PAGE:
Posted on: July 10, 2007 Posted by: James McQuiston Comments: 0

Matteah Baim – Death of the Sun / 2007 Dicristina / 9 Tracks / / /

Matteah Baim is holding back tons during eir first track of “Death of the Sun”, “River”. The set of vocals that ey contributes finally takes a focal point at near the two minute mark. What seems to be the focal point before that is the constraints given the disc by the recording. What is present on all of the tracks of “Death of the Sun” is an ambient buzz that makes Baim’s tracks all sound as if they were coming off of an old record. It provides some extra context to Baim’s tracks, and works at times like another instrument. Track titles and runtimes are not essential to Baim, despite the fact that they are present on this album. For example, there are two distinct “tracks” in “River”.

The second movement finally gets rolling at the 4 minute mark, and provides a more tenuous composition than did the first part. This is largely done by including a second vocal layer. It is also given a deeper body with the inclusion of a bashing, clanging, and clashing set of percussion and piano, which struggle at times with the vocals for dominance. The opening track may only be five minutes long, but the sheer amount of different material here makes it feel as if Baim has taken individuals on a journey for considerably longer. “Dark Ship” builds upon the structure created by the second half of “River”, and vacillates back and forth between a loud and boisterous approach and a much more quiet, restrained style that plays on much earlier musical styles.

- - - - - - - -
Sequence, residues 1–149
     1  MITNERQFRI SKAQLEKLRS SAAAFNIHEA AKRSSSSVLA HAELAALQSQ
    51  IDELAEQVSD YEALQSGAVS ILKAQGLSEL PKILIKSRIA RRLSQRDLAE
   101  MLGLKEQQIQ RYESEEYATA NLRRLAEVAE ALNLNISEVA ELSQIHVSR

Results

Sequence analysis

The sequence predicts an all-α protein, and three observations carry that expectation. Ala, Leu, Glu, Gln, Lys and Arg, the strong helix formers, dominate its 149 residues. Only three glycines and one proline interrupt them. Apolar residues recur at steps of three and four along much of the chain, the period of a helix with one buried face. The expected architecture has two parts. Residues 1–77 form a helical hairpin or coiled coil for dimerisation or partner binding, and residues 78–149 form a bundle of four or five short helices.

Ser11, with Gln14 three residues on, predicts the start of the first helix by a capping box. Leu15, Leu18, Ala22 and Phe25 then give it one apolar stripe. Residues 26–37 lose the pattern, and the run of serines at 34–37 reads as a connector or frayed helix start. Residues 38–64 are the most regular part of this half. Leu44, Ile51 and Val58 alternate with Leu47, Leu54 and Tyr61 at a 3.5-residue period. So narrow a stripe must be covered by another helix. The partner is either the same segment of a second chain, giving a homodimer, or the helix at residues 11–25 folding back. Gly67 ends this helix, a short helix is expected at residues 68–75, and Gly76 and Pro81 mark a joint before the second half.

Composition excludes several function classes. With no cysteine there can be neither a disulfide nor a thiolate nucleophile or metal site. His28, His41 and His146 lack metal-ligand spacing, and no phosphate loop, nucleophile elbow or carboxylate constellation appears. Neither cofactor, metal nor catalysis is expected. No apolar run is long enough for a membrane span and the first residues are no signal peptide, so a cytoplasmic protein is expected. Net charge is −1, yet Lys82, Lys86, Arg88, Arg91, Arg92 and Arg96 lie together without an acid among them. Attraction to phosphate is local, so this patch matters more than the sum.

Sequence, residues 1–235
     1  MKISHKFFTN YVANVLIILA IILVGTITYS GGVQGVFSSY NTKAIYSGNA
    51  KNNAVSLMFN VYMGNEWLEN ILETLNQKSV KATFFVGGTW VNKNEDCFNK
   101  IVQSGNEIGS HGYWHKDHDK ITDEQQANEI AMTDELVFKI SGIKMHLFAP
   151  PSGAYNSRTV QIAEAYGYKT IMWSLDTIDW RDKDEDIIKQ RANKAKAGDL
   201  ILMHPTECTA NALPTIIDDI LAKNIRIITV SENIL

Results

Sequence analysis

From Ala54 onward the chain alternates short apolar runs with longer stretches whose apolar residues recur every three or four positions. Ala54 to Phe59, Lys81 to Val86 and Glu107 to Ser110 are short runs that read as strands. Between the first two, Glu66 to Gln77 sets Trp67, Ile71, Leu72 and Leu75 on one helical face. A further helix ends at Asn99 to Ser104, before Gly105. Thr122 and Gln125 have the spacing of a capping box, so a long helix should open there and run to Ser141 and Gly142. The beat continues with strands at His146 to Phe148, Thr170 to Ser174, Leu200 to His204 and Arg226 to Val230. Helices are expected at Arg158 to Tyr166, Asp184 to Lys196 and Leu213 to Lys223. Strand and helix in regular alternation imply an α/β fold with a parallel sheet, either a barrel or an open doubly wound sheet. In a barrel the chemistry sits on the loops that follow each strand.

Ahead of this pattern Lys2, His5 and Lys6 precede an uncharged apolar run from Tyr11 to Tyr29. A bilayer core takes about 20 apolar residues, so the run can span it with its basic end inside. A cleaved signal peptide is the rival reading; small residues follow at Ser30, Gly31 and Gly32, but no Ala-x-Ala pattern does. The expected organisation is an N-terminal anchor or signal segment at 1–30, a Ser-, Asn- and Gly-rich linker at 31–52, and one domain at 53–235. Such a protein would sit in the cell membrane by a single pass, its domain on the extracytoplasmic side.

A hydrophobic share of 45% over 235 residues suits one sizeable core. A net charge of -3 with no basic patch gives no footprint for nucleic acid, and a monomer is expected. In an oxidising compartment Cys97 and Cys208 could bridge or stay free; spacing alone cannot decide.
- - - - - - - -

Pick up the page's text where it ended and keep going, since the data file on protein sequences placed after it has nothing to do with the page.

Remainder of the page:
The stretched-out compositions that are common on “Death of the Sun” make the resulting runtime much longer than it actually is. The pensive arrangements on the sub-two minute title track make me think; Baim poses existential queries to anyone that may be listening in. By not having any real endpoint to the tracks on this disc, Baim challenges the dominant paradigm in music. Sure, there are linear tracks like “Michael Row”, but one still gets the sense that this music is really done for enjoyment rather than to push hundreds of thousands of copies. It is this challenge to this dominant paradigm that makes Baim’s album so difficult to truly get into, but the pay-off for understanding why Baim does that is great. Pick up the album from the local indie rock store and try to decipher the puzzle.

Top Track: Seven Stars

Rating: 6.0/10

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